Bobby Kennedy campaigned for president on a promise to end the war in Vietnam, but he didn’t live to see the end of that conflict. Now, his daughter Rory Kennedy has created a film that explores the fall of Saigon, and which just may inform American forces’ exit from contemporary conflicts. Last Days In Vietnam this Friday will act as the Opening Night film for the Sarasota Film Festival, but in advance of her visit to the Suncoast, Kennedy spoke with SRQ about the messages she hopes today’s leaders glean from the film.Kennedy was just six years old when the Vietnam war wound to a close. The Fall of Saigon took place April 30, 1975, ending one the lengthiest military conflicts in American history, but the specter of the war has loomed over American foreign policy ever since. It’s impressive in many ways to consider that this conflict in a remote land has so shaped American culture in its wake, but the costs of the war on people here were outsized as well.
“So many Americans died, and that alone has left its scar,” Kennedy says. “And everybody was recruited to go to that war, regardless of class and race lines. People were more empowered and had opinions to express. And it lasted so long… It looms large because its impacts have been so large.”
Military estimates show more than 58,000 Americans were killed in action, and even though much of the conflict happened before Kennedy was born, she could see the historical significance of the war in everything from media attention to music on the radio. “There is a value to understanding what happened in that war,” she says. “And it’s worth looking at those final days and consider how you get out of a war, or perhaps how one shouldn’t get out of the war.”
Kennedy was approached the American Experience program about pulling together a documentary on the Fall of Saigon. At first, she hesitated precisely because the topic of Vietnam had been showcased so often on film, but as she looked into the idea, she was struck by the stories of individual soldiers who were figuring out how to execute an exit strategy while also doing right by the people of Vietnam.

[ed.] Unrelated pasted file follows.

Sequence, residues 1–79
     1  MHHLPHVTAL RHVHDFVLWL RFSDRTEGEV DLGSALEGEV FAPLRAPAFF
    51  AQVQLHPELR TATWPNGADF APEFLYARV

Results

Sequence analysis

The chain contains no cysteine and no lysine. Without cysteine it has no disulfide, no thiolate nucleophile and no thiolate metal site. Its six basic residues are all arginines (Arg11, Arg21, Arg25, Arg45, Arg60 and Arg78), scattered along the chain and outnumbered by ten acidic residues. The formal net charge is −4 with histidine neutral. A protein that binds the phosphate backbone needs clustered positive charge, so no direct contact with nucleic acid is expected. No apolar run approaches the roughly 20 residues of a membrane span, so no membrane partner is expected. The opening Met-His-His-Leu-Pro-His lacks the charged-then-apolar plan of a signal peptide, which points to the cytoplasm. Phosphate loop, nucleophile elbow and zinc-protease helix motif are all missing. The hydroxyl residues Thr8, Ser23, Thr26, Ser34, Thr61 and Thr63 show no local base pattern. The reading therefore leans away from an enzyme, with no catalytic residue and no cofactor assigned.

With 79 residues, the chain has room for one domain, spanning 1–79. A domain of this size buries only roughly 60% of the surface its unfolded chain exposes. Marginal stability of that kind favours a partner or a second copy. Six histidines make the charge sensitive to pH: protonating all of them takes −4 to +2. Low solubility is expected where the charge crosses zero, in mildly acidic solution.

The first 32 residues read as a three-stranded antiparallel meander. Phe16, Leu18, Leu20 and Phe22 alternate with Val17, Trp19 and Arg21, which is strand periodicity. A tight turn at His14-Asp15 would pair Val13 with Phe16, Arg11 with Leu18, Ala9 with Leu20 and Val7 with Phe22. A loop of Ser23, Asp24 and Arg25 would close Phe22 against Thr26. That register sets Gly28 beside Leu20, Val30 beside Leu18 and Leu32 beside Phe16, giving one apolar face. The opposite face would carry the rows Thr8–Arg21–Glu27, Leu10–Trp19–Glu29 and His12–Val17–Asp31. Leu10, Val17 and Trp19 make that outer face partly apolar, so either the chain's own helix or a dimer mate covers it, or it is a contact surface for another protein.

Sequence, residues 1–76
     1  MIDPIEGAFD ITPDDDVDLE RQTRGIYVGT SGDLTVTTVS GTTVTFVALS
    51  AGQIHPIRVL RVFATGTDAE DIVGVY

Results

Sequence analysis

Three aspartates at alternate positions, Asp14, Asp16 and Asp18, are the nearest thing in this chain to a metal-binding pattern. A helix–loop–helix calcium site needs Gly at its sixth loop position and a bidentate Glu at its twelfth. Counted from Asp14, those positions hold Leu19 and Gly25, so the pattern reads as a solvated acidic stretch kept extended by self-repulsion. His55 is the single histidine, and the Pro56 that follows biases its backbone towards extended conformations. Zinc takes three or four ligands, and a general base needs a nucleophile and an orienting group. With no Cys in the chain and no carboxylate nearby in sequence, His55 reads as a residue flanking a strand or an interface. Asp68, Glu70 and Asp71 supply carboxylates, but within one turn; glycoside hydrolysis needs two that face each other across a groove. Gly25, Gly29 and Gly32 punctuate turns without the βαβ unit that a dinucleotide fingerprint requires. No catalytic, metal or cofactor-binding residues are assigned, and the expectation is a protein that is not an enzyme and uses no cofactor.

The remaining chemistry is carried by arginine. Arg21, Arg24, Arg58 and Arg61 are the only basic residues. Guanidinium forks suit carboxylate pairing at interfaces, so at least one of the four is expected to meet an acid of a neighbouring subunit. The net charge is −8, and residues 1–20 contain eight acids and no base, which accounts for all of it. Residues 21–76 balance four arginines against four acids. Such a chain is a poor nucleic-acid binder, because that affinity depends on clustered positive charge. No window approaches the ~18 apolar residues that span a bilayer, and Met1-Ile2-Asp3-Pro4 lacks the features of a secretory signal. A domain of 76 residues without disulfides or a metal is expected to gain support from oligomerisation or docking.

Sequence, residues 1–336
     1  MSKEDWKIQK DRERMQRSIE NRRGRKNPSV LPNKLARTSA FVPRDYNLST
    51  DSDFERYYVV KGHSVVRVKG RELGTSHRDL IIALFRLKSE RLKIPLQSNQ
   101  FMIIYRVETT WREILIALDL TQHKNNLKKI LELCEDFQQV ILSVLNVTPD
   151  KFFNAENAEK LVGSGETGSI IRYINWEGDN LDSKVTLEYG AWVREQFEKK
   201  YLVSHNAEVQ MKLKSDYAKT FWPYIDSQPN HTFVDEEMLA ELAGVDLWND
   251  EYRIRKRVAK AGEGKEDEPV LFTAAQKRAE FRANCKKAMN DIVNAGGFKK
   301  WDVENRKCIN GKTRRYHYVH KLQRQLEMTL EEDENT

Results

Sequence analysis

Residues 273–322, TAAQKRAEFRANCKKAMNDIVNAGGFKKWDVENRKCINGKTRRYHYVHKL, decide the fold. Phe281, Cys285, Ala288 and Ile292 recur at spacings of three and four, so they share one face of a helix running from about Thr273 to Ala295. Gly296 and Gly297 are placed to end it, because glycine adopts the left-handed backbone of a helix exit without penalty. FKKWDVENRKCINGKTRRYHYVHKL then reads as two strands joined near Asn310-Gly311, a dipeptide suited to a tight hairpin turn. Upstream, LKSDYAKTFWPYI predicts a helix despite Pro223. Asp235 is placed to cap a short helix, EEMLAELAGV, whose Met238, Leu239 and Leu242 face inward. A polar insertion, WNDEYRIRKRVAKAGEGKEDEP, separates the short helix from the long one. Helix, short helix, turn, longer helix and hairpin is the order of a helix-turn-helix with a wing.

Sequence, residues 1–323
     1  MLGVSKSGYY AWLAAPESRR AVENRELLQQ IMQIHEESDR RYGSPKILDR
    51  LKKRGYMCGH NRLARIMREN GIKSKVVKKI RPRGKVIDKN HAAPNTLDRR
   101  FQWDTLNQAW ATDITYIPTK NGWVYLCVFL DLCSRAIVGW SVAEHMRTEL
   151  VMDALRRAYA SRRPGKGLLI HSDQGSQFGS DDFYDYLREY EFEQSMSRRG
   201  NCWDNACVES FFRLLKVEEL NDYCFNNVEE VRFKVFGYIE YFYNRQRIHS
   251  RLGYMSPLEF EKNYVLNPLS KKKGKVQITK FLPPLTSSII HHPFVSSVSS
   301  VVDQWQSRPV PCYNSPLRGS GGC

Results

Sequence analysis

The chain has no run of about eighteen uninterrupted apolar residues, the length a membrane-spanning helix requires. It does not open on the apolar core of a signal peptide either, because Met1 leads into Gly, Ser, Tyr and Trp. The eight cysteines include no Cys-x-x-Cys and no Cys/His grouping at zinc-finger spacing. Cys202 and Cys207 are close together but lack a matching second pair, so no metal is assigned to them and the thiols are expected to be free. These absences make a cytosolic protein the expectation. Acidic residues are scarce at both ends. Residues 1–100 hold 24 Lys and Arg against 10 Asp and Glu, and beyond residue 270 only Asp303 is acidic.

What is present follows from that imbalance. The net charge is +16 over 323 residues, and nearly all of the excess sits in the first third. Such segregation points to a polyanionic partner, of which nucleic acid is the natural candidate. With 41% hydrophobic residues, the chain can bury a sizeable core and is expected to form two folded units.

“What excited me was uncovering these stories of Americans who in the final days went against U.S. policy to get us out of the country, risking their lives often,” she says. “It all felt pretty extraordinary.” Diplomats and soldiers worked in the final hours of the American presence in Vietnam to save as many South Vietnamese lives as possible before the famous images came to fruition of soldiers taking the last helicopters out.
A great appeal to the story for Kennedy as a filmmaker was the built-in countdown to the end of the war. Congressional gridlock, mixed diplomatic messages and other activity on the group contribute to the story, building tension as the movie plays out.
But on a grander scale, Kennedy would like deeper consideration to be made by U.S. leaders today on what must be taken into consideration when one enters or exits a military endeavor. “As we look at departures from Iraq and Afghanistan, we need to consider issues like what happens to the people we leave behind,” she says. “But also as we are looking at entering places like Syria, we need to understand what it means to go to war, to look at our obligations long-term. There is a huge amount of relevance to this subject today, particularly for young people who didn’t experience this first-hand.”
It also was critical to Kennedy that someone tell this story while the individuals involved were alive to give first-hand accounts. Many of the individuals who were present for the true last days in Vietnam sit down with Kennedy for this film.
The movie also brings Kennedy back to Sarasota for the second time in three years. She attended the Sarasota Film Festival in 2012 with Ethel, a documentary about her mother Ethel Kennedy and the often tragic seat she occupied to watch the turbulent 1960s unfold. Ethel ended up winning the Audience Award in for Best Documentary at the Sarasota festival that year. Today, Kennedy speaks of her visit to Sarasota with great fondness.
“They are very nice to filmmakers. They do great outreach. The audiences are really engaged,” Kennedy says. “I like the people who run it and was very happy they chose to include my film this year and use as their Opening Night film.”
Kennedy will be in Sarasota on Opening Night to discuss the film with event-goers and attend the Opening Night party at the Van Wezel Performing Arts Hall. The film screens at 7pm on Friday, April 4, and the party officially starts at 9pm.
As for Last Days in Vietnam, Kennedy is already in talks for a broad theatrical release, likely in August, with the movie headed to at least 16 markets.